In My Book of Life by Angel, Angel is chillingly aware of a number of women of her profession that have gone missing and the beleif that a murderous man is behind these disappearances. While this plot may not have been our primary concern while reading, it was one of the more disturbing aspects of the story. Martine Leavitt’s author’s note reveals that from 1983 to 2002 at least 49 women went missing from Vancouver’s Downtown Eastside. I am rarely so sickened or angered as I was by the information that the Vancouver police continued to do nothing to stop these disappearances for nearly two decades. They insisted these disappearances were not the work of a serial killer, and did nothing to stop or solve cases they deemed unimportant because the women involved were sex workers. This includes one victim who escaped with stab wounds, whose testimony (which pointed to the man who was eventually arrested and confessed) was thrown out because she was not considered credible. This case was utterly disgusting to me, though I am glad that Martine Leavitt selected to highlight it in the backdrop of My Book of Life By Angel. It’s the type of horror we should not forget.
My Book of Life by Angel is not everyone’s type of book–heck, it’s certainly not my type of book, but it’s one I’m very glad I took a short time out of my life to read. As Angel points out, we cannot have happy endings without the possibility of sad endings, an idea Leavitt plays with until the end. I’m not sure what happened after the close of My Book of Life by Angel. If it’s the ending I hope for, or the ending I fear–but I love balancing on a thin strand between the two, which is something Angel does excellently.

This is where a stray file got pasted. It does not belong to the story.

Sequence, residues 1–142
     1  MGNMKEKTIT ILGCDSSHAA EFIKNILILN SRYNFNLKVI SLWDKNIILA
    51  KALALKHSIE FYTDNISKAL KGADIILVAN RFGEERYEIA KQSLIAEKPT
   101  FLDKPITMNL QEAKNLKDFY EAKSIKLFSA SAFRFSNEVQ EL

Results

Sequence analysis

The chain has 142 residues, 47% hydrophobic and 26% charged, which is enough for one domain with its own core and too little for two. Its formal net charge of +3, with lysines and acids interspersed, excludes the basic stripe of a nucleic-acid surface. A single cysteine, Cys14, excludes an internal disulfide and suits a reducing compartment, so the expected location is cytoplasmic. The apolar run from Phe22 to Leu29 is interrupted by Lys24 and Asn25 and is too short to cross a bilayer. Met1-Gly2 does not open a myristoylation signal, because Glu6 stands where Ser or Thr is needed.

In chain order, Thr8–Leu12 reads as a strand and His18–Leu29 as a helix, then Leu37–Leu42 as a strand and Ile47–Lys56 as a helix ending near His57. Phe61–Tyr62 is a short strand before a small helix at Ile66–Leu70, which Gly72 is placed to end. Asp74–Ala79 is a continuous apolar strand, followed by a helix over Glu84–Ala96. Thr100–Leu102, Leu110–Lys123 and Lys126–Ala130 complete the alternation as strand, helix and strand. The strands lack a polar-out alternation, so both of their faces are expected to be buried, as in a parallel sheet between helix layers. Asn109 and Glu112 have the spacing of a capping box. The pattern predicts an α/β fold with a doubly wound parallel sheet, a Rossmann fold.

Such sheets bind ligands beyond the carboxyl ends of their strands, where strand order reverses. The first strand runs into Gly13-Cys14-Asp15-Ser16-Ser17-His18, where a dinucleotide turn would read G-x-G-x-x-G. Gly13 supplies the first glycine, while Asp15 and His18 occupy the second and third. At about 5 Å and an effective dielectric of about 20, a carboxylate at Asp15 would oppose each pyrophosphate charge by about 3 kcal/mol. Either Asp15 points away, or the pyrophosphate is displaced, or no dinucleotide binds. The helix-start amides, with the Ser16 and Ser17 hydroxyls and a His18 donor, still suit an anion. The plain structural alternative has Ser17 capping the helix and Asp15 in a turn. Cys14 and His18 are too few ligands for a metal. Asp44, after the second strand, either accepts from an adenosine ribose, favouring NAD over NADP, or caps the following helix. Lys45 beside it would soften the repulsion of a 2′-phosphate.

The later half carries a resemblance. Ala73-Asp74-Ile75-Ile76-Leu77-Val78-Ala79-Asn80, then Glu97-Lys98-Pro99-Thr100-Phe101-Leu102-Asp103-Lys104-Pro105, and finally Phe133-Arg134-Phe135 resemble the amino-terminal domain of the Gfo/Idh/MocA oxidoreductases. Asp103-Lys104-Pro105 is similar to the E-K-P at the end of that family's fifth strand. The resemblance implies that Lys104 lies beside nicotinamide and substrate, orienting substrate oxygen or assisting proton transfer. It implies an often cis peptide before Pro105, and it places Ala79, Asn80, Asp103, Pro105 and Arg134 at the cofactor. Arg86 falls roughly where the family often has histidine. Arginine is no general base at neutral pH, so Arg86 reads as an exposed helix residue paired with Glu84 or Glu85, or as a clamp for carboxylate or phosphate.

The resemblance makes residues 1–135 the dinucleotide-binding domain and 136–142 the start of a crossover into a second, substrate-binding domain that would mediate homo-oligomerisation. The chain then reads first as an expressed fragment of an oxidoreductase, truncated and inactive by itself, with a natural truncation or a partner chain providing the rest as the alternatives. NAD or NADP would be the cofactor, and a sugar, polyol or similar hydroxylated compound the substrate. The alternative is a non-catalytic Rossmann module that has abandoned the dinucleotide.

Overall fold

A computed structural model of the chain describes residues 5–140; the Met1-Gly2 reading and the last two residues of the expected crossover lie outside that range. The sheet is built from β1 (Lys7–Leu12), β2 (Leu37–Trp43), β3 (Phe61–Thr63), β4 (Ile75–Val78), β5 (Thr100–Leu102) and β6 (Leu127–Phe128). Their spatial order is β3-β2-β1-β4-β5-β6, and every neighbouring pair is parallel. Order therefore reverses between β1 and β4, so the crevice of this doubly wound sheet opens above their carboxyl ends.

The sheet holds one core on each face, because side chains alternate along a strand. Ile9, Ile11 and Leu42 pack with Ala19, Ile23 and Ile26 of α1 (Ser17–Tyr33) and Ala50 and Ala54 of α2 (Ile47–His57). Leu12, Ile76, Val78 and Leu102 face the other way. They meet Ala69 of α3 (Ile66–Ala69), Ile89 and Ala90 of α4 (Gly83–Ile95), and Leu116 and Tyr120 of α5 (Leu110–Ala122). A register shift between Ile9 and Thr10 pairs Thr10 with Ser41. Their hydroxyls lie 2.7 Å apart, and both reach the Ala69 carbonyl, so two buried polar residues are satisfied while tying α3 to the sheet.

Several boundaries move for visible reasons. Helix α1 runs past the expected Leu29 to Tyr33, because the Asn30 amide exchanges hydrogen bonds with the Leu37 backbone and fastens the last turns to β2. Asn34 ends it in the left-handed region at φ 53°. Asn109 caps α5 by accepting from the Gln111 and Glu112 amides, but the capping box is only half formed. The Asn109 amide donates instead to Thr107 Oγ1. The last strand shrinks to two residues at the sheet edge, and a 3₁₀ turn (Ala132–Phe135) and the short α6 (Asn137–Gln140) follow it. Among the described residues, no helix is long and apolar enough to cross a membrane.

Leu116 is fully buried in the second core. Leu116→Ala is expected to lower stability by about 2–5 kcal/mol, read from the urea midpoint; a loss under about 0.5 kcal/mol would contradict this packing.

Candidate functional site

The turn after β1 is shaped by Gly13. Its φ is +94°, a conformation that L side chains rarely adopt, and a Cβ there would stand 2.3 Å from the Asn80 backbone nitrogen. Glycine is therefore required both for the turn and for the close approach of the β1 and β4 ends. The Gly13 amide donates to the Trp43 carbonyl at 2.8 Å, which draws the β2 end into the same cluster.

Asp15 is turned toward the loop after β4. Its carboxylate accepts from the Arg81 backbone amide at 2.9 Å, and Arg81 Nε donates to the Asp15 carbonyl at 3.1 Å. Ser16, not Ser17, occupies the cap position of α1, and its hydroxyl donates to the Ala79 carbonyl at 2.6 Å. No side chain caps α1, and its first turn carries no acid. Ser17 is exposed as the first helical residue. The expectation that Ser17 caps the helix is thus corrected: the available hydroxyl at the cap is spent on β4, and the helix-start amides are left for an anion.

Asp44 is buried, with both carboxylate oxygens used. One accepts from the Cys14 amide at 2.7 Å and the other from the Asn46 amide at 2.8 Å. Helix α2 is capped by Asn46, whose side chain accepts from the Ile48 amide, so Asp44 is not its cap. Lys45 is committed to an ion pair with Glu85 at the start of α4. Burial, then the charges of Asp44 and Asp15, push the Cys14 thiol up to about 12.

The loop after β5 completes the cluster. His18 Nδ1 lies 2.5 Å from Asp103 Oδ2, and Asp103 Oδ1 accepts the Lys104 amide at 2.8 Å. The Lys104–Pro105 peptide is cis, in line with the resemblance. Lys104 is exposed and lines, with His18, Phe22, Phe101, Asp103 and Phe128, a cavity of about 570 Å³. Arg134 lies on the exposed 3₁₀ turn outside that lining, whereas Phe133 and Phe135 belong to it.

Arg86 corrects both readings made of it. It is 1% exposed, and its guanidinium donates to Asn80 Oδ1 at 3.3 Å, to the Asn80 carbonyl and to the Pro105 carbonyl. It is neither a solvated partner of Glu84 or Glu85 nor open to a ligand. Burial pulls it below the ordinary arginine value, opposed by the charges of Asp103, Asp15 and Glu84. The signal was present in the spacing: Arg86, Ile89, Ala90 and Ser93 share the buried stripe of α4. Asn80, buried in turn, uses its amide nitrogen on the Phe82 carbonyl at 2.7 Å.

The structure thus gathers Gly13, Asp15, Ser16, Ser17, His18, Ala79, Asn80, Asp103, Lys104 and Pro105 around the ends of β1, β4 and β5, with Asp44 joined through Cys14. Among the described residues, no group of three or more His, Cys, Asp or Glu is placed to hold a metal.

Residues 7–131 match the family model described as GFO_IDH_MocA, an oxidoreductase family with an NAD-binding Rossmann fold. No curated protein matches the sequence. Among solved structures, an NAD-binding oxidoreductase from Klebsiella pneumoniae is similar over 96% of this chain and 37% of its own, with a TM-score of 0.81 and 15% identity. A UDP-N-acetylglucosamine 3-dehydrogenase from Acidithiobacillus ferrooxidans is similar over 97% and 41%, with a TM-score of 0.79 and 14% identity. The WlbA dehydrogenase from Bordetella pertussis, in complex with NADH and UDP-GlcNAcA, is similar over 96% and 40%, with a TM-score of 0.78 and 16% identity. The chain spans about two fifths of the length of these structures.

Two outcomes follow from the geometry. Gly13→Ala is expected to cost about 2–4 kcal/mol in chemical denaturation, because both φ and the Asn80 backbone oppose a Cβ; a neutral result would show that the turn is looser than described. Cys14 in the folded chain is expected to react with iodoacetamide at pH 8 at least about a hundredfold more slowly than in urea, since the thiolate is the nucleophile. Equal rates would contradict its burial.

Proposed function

After a while
Call said, Angel, do you love me?
I said yes.
But do you really love me?
And I said yes.
Would you do anything for me?
And I said
Now I know
in a single breath of yes, yes,
you can hear your soul
leaking out of your mouth.
A yes can change you inside,
make all the rules go sky-why-not…
All those clothes and dinners
and all that candy–
Call said, I’m out of cash,
can you help me out?
do you really love me?
At first it was just to be nice to a friend…
and then a friend of a friend…
As soon as I knew what Call had made me,
the first time a man said in a word what I was
and I couldn’t even say that’s not true–as soon as that happened
I knew I could not bring that word home
even if I wanted to–
Jeremy and I weren’t even allowed to say stupid
my dad would never allow a word like me.
Likelihood that I’ll be back for more:
Wtf people? I just put up this post about how I love books with Death as a character, and all of you failed to point me toward Leavitt’s Keturah and Lord Death. It has some pretty mixed reviews on Goodreads among the many friends of mine who’ve read it, which has me even more intrigued–I’ll certainly be checking it out!
Recommended for: Those who like issue-heavy contemporary/recent history books and books in verse. This is a great quick read! Two hours or so to knock out another count on that Goodreads goal for the year. 😛
Real life repercussions of reading this book:
This was my first book in verse that I’ve successfully read, and you know what? I really liked the style. Now I really want to pick up some of the verse books that have been languishing on my TBR like Shakespeare Bats Cleanup and Song of the Sparrow. Do you have a favorite book in verse? If so, let me know what it is!
Get a second opinion:
Good Books and Good Wine – “If you’re looking for a book to show you life at it’s darkest, but also give you some hope read Martine Leavitt’s My Book Of Life By Angel.”